Chinese firms extend Moscow’s rail networks

Chinese firms extend Moscow's rail networks

By Tom McGregor, CNTV Commentator attended the 2015 Moscow Forum, hosted by Moscow City Government. Local officials discussed Moscow’s business climate. We will post a 5-part series of Special Reports, “China’s New Silk Road connects with Russia.” This is Part IV.

Chinese President Xi Jinping touts the “Belt & Road” initiative, while Russian President Vladimir Putin promotes a “Look Far East” campaign. The two neighbors have expanded economic and trade ties.

China is the world’s 2nd largest economy with continuing rapid development. And despite Western government-imposed sanctions against Moscow, devaluation of its currency, the ruble, and a recession, Russia still offers opportunities for Chinese investors.

The country holds the largest territorial land, rich in natural resources with mainly flat terrain, which would be conducive for building high-speed railways and expanding public transportation in Russian cities, such as the nation’s capital city.

New Moscow gets new Metro line

Moscow city planners are prepared to nearly double the urban zoning of city, dubbed New Moscow. The Metro subway system would expand from its current 350km. and add another 150km. of lines in the years ahead.

City officials announced last year that China Railways Corporation (CRC) along with Chinese real estate developers would partner up with Russian companies to build a new Metro line, 15 km. long.

“Russia really supports China’s ‘Belt & Road’ to enhance more economic cooperation between our countries,” Sergey Cheryomin, Minister of Moscow Government, head of external and economic relations, told in an exclusive interview.

He added, “The Chinese who come here to do business are usually involved with infrastructure, especially rail roads.”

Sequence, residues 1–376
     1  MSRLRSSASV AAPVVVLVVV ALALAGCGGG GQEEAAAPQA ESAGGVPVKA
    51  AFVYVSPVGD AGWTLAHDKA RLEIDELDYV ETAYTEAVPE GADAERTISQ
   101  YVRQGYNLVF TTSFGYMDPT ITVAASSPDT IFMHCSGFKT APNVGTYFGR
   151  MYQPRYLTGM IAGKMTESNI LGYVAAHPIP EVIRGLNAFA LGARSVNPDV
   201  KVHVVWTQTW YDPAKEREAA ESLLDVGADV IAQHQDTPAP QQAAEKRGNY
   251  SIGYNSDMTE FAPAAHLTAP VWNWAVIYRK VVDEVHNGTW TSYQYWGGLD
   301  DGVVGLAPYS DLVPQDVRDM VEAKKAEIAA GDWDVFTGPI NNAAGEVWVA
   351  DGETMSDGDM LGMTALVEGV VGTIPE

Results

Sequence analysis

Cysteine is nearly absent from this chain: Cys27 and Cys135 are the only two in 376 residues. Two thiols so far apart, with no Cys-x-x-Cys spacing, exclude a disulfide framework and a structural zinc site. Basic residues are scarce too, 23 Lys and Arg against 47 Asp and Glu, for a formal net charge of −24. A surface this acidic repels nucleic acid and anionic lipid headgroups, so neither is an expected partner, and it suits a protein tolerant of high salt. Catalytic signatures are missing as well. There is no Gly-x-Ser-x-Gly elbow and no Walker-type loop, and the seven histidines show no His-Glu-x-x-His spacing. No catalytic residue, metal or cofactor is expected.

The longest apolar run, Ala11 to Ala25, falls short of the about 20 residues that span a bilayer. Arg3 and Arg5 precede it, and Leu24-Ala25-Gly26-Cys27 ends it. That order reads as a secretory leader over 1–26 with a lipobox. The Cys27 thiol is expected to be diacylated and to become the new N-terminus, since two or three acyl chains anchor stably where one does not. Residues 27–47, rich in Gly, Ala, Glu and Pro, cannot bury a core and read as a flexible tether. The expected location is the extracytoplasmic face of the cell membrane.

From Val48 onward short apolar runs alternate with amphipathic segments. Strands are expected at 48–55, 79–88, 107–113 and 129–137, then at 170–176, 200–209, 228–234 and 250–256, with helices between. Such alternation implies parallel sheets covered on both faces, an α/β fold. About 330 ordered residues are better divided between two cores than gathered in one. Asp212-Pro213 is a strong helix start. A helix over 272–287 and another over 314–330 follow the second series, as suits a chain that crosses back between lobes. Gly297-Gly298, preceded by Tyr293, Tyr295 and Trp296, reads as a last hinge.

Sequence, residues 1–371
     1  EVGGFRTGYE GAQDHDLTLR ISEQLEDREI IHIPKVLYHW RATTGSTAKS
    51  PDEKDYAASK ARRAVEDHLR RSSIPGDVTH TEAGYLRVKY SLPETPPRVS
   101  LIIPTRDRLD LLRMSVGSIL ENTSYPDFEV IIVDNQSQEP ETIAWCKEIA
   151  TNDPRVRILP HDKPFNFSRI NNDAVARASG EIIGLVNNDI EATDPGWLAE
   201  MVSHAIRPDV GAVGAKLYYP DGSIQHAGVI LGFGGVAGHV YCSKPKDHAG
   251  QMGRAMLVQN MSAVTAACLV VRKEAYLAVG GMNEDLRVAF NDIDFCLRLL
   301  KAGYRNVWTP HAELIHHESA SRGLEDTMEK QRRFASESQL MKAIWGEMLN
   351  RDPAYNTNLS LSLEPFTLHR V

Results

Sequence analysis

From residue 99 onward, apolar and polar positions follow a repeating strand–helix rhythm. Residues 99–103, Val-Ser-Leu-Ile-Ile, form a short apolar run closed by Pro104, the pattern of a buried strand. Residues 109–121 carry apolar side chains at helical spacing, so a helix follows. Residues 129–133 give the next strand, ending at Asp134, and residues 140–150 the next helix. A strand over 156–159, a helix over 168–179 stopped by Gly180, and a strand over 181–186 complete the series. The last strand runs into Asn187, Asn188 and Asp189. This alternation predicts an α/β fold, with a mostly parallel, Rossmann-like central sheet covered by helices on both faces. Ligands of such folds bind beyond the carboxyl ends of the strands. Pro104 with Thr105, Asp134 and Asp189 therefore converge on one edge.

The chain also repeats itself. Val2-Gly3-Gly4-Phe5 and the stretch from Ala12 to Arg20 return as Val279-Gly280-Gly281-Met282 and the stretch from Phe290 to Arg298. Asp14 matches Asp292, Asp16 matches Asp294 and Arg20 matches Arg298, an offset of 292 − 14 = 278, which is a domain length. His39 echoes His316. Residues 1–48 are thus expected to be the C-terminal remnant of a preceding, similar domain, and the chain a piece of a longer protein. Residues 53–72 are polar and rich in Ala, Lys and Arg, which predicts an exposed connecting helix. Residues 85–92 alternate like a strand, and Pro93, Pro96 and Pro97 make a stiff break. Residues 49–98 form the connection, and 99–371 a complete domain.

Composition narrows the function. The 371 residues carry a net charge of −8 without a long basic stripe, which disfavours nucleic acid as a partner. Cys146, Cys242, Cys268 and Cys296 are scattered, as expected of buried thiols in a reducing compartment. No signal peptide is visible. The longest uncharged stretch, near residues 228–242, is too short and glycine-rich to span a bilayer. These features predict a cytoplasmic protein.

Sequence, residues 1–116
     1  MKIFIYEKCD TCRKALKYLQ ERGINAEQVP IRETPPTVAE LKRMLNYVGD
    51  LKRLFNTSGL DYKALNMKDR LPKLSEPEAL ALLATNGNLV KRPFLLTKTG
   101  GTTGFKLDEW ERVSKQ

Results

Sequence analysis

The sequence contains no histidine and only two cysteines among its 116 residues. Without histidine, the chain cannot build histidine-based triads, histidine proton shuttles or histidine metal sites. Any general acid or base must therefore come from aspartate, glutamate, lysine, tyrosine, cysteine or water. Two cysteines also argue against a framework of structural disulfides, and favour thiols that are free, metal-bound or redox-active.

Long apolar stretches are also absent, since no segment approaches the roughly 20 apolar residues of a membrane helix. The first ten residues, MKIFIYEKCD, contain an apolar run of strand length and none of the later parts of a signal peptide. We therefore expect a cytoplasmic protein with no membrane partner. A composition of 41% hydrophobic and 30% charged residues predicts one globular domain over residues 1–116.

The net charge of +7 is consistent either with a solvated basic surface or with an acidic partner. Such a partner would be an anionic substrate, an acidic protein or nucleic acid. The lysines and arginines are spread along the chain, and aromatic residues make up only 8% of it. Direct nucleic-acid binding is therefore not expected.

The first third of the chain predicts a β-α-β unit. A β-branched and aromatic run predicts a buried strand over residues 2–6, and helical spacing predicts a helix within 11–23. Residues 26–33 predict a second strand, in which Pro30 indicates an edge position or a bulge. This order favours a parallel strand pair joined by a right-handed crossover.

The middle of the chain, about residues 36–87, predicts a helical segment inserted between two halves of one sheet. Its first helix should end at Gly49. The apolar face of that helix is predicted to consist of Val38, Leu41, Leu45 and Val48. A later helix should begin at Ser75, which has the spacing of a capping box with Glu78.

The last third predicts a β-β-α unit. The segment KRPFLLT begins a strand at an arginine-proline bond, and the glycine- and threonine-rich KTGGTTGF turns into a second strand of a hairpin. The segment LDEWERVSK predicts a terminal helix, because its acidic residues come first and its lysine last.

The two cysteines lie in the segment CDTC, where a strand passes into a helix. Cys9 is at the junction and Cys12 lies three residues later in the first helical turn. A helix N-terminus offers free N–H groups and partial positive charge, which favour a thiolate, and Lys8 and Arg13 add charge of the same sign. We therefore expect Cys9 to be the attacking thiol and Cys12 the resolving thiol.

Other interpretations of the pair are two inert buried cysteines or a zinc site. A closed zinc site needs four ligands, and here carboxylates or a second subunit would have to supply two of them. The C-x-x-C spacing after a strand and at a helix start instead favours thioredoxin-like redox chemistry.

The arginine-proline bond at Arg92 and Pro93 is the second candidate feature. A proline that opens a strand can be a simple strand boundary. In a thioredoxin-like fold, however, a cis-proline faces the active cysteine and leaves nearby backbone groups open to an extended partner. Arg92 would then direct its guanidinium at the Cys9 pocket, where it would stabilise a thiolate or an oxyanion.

Sputnik News reports that Chinese companies plan to invest over $US2bn to construct a new Metro line for the New Moscow and fund an additional $US4bn on commercial and residential property development in areas adjacent to the line.

Chinese equipment for Russian use

Moscow Mayor Sergei Sobyanin visited Beijing in May last year to hail a landmark deal signed between Russian State-owned Mosinzhproekt developer with CRC and China International Fund. Construction has already started for the Metro line, scheduled for completion in 2017.

“We agreed to develop a project, which will allow us to invest into this line together with our Chinese partner,” Mayor Sobyanin told Sputnik. “It will be the key project for attracting private investments from China … To accelerate development of infrastructure projects.”

Chinese companies have made major advances in the construction field by utilizing state-of-the-art ‘China Made’ equipment. According to Zhengzhou-based Kefid Machinery Co.’s corporate Website, its machinery will be deployed to excavate tunnels for the Metro line.

Kefid’s Website said, “Asia’s largest crushing equipment manufacturer has developed machinery that can crush granite, river, gravel, limestone, basalt stone and produce aggregate and sand.”

High-speed connections, Beijing-Moscow

China and Russia should collaborate more on economic activities in Siberia, which holds an abundant supply of oil & gas, timber, fisheries and mining resources. But, much of the region remains isolated. Beijing and Moscow can build extensive networks in Russia’s Far East.

Plans are underway to construct high-speed railways that connect Beijing and Moscow, which would also shorten a 6-days train journey from Russia’s eastern port city, Vladivostok to Moscow in just two days.

The Trans-Siberian Railways would even branch out to the bustling mining city, Ulan Bator, Mongolia and Kazan in oil-rich Tatarstan region. The high-speed rail network would extend 4,530 km. long upon completion.

Railways rolling out cross-border commerce

Moscow needs China’s rail networks as much as Beijing needs Russia’s energy resources. As the two nations rely more on each other to accelerate trade and investment, they can stand tall together as economic giants in a multi-polar world.


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